Haverty, Anne 1959-
HAVERTY, Anne 1959-
PERSONAL: Born 1959, in Tipperary, Ireland. Ethnicity: "Irish."
ADDRESSES: Home—Dublin, Ireland. Agent—c/o Author Mail, Chatto & Windus, Random House UK, 20 Vauxhall Bridge Rd., London SW1V 2SA, England.
CAREER: Novelist and poet.
AWARDS, HONORS: Rooney Prize and nomination for Whitbread First Novel Award, 1997, for One Day as a Tiger.
Constance Markievicz: Irish Revolutionary (biography), HarperCollins (New York, NY), 1993.
One Day as a Tiger (novel), Chatto & Windus (London, England), 1997, Ecco Press (Hopewell, NJ), 1998.
The Beauty of the Moon (poetry), Chatto & Windus (London, England), 1999.
Ladies' Night at Finbar's Hotel (collaborative novel), edited by Dermot Bolger, Harcourt (San Diego, CA), 2000.
The Far Side of a Kiss (novel), Vintage (London, England), 2001.
WORK IN PROGRESS: A novel, In the Gloaming (tentative title); a poetry collection, The Continental Shelf (tentative title).
SIDELIGHTS: Anne Haverty's book One Day as a Tiger was hailed as "the best first novel of the season" by a contributor to the Economist, and was greeted with positive reviews by other reviewers as well. The title, taken from a Tibetan proverb, "It is better to live one day as a tiger than a thousand years as a sheep," emerges within the novel's rural and at times fantastic subject matter.
One Day as a Tiger is the first-person narrative of Marty Hawkins, a young man who, after growing up on a farm in Tipperary, Ireland, has gone to Trinity College in Dublin to pursue an academic career, doing research into nineteenth-century agricultural methods. He is a troubled young man, however, as well as a very bright one, and finding that the ivory-tower life does not suit him, he returns to his parents' farm. There, ironically, he feels just as much out of place as in Dublin. The rural community is somewhat suspicious of him; his solid older brother, Pierce, looks up to him with awe; and Marty himself no longer remembers much about contemporary farming. The plot then receives "a delightful tragic-comic . . . twist," as the Economist reviewer described it: Marty and Pierce buy some genetically altered lambs, whose genotype is half human. One in particular, Missy, is adopted by Marty as a companion.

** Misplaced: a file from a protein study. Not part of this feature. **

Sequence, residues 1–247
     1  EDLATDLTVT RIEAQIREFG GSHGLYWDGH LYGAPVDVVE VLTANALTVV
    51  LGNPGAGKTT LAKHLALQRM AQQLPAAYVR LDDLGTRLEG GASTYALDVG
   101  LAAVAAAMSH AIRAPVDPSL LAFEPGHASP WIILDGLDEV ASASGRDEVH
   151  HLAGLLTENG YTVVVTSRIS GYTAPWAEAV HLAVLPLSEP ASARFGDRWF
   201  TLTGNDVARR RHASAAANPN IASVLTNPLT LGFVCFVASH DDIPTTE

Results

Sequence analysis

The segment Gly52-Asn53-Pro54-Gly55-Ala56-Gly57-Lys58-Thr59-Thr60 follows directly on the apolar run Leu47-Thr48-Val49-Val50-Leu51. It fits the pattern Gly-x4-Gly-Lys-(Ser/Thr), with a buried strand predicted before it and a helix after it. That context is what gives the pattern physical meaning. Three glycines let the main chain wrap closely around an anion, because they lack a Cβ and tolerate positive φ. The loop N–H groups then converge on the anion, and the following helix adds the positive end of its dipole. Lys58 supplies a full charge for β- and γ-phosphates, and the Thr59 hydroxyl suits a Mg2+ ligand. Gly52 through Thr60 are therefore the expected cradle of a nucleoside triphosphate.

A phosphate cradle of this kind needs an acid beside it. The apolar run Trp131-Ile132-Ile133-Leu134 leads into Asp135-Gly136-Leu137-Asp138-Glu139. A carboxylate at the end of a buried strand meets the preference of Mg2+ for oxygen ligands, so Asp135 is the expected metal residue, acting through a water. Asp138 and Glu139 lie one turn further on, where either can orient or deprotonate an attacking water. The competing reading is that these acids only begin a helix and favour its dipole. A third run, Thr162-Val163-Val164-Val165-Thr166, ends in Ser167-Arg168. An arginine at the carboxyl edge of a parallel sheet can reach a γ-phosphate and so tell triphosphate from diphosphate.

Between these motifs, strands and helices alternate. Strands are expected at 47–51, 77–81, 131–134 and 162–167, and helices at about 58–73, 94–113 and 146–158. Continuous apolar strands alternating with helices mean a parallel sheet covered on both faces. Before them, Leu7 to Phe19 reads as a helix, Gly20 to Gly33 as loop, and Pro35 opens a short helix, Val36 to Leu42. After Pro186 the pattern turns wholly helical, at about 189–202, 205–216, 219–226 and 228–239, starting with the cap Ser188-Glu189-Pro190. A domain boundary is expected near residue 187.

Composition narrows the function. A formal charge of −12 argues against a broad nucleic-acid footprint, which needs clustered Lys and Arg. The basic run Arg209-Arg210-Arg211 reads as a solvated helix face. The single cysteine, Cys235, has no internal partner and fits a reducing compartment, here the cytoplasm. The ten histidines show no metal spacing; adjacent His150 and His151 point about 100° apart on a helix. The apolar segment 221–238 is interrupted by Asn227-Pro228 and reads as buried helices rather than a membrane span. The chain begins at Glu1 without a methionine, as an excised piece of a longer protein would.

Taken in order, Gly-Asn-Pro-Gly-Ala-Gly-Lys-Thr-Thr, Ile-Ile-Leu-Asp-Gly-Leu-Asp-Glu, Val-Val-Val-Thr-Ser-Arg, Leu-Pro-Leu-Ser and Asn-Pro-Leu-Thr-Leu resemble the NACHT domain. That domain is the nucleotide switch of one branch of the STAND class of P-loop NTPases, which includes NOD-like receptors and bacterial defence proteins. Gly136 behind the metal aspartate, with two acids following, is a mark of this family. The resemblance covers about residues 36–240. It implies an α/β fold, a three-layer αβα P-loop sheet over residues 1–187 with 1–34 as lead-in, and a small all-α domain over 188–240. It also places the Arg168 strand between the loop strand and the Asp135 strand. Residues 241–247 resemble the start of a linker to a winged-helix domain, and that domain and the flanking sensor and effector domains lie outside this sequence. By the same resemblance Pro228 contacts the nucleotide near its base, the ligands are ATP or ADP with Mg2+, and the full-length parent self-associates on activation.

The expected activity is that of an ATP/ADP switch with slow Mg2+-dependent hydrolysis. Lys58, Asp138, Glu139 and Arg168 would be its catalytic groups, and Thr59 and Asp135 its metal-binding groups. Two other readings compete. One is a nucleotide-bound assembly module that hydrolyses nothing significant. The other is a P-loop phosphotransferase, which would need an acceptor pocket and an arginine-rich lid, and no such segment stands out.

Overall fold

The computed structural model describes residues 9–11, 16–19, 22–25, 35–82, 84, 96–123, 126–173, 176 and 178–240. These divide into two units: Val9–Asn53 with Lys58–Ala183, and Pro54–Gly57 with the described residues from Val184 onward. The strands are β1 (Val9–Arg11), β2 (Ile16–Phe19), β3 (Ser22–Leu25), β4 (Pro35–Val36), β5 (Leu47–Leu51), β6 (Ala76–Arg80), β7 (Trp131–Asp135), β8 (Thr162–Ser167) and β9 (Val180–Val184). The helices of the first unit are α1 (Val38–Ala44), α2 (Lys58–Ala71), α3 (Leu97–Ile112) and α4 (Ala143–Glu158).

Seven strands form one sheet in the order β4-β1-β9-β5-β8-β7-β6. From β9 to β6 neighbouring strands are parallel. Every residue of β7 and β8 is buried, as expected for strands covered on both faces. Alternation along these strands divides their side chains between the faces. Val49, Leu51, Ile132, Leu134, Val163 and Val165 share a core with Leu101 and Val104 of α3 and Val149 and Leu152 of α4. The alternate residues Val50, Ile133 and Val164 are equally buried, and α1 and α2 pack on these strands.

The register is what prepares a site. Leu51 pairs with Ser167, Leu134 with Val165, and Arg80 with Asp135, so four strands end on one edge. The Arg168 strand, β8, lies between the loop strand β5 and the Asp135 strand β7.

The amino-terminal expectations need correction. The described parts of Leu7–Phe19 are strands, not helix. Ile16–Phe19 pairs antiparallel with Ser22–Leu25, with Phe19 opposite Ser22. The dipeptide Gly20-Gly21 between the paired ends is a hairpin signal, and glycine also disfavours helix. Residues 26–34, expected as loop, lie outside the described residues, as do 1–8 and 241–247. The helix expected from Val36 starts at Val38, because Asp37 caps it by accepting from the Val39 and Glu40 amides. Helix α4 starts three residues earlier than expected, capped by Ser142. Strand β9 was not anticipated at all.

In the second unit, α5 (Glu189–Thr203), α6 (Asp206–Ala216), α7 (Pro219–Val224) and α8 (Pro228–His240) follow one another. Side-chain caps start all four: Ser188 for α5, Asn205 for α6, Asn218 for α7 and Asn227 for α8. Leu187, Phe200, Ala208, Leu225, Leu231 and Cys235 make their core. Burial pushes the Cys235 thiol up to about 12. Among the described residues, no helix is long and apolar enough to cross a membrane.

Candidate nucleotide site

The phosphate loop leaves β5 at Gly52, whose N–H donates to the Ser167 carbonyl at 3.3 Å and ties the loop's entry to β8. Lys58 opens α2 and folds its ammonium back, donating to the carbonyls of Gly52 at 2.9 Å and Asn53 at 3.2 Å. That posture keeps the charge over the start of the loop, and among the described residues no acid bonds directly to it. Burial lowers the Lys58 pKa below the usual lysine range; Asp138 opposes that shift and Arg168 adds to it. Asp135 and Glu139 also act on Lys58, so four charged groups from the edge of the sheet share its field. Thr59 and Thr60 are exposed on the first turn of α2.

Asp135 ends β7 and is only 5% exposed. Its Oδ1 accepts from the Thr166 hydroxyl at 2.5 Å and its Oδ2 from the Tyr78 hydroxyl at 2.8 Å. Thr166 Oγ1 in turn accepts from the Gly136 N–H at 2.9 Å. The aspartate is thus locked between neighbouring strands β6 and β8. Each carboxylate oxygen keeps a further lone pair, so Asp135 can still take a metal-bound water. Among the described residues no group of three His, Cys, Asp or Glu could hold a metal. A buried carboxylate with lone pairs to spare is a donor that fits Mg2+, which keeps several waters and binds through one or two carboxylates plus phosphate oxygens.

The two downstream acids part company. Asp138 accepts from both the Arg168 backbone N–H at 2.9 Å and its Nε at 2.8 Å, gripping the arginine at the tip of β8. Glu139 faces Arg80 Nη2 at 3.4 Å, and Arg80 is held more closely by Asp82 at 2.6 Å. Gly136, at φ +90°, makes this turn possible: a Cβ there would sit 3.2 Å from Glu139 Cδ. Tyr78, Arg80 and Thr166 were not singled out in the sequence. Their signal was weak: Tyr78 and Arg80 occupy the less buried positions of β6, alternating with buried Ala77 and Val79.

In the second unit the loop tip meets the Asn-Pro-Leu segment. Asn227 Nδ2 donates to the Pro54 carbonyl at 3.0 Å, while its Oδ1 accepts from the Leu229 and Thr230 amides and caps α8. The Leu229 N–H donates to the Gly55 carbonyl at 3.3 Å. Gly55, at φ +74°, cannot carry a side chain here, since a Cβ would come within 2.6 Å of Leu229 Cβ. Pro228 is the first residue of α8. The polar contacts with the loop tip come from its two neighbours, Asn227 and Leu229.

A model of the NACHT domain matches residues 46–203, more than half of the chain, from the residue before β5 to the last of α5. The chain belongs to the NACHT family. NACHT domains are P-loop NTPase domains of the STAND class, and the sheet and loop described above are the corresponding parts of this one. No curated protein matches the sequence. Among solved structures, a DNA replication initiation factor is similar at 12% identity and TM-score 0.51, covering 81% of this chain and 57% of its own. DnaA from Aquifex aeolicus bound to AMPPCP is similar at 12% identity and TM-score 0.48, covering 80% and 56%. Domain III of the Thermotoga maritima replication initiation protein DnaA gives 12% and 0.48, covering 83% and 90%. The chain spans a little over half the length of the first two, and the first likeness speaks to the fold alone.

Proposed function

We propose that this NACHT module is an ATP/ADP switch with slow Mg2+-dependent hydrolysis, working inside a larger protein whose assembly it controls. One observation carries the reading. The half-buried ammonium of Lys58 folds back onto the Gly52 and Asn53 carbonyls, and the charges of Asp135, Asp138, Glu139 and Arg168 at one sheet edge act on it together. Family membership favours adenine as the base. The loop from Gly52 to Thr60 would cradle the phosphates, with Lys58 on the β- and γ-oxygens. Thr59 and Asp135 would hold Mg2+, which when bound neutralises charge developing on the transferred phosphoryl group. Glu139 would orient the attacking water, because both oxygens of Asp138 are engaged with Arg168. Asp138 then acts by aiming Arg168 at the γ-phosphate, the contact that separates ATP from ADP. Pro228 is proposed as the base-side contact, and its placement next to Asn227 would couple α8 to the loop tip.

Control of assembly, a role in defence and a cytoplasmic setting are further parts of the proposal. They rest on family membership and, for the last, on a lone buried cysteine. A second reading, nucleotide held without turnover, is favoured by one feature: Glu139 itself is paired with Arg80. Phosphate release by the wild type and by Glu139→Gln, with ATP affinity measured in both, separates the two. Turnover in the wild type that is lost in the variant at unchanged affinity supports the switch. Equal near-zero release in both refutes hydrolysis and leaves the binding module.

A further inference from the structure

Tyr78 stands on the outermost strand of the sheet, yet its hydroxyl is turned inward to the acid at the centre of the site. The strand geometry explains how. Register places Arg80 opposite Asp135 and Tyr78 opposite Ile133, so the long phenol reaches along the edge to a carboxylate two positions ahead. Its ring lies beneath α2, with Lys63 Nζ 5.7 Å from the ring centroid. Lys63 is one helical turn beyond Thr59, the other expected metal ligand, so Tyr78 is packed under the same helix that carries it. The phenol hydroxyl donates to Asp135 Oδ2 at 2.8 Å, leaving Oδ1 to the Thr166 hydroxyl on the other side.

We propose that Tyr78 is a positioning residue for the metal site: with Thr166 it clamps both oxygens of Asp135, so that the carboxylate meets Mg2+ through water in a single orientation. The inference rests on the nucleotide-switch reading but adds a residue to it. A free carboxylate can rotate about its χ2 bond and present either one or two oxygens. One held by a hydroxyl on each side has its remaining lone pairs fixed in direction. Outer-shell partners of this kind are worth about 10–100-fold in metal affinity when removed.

Missy is a runt-like creature who prefers to be indoors, eating porridge and listening to stories. Marty conceives an affection for her which is never overtly expressed in sexual intercourse, although the villagers mockingly assert that it has been. Missy, however, provides a mechanism for Marty to run away with his beautiful, unintelligent sister-in-law, Etti; the couple take the ewe to Paris with the purpose of depositing Missy at actress Brigitte Bardot's well-known animal refuge. Events build to a crisis and resolution which Aisling Foster of Times Literary Supplement declared, provide "a predictable and long-awaited relief, like the realization of a fable."
Foster expressed a few reservations about the novel, finding Martin's mentality, and his antagonism toward Pierce, too little explained; however, he applauded the novel's ambition, its "intention to drive Irish fiction into some pretty rough terrain, all four wheels engaged," which gave the book, he asserted, "mythical proportions." And he felt that Haverty's "creation of Missy . . . makes this work stand out from the flock." The Economist reviewer wrote, "The story, elegantly written, proceeds with tact, comedy and restraint." Also enthusiastic was Amanda Craig, who appraised the novel for the New Statesman. Implying that the numerous "rave" blurbs on the book's jacket made her initially suspicious, Craig assured readers that the advance comments from acclaimed writers Brian Moore, Dermot Bolger, and Colm Toibin were deserved. Said Craig, "Only the freshness of its prose gives it away as a debut; otherwise its verve, characterisation, plot and command of tone are those of a writer who has leapt fully formed onto the page." Craig found the novel to be, on one level, "a luminous description of rural life in Ireland, saturated with all its beauties, stupidities, monotonies and splendour"; she also found it to be a contemporary reworking of the biblical story of Cain and Abel.
BIOGRAPHICAL AND CRITICAL SOURCES:
Haverty, Anne, One Day as a Tiger, Chatto & Windus (London, England), 1997, Ecco Press (Hopewell, NJ), 1998.
Economist, April 19, 1997, review of One Day as a Tiger, pp. 14-15.
Library Journal, January, 1998, Michele Leber, review of One Day as a Tiger, p. 140; March 1, 1998, review of One Day as a Tiger, p. 102.
New Statesman, March 14, 1997, Amanda Craig, review of One Day as a Tiger, pp. 46-48.
Observer, March 23, 1997, p. 18; April 19, 1998, review of One Day as a Tiger, p. 18.
Times Literary Supplement, March 7, 1997, Aisling Foster, review of One Day as a Tiger, p. 21.
Washington Post Book World, April 19, 1998, review of One Day as a Tiger, p. 8.
World of Hibernia, spring, 2001, Eileen Battersby, review of The Far Side of a Kiss, p. 17.
Books Irish.com,http://booksirish.com/ (April 16, 2003), review of The Far Side of a Kiss.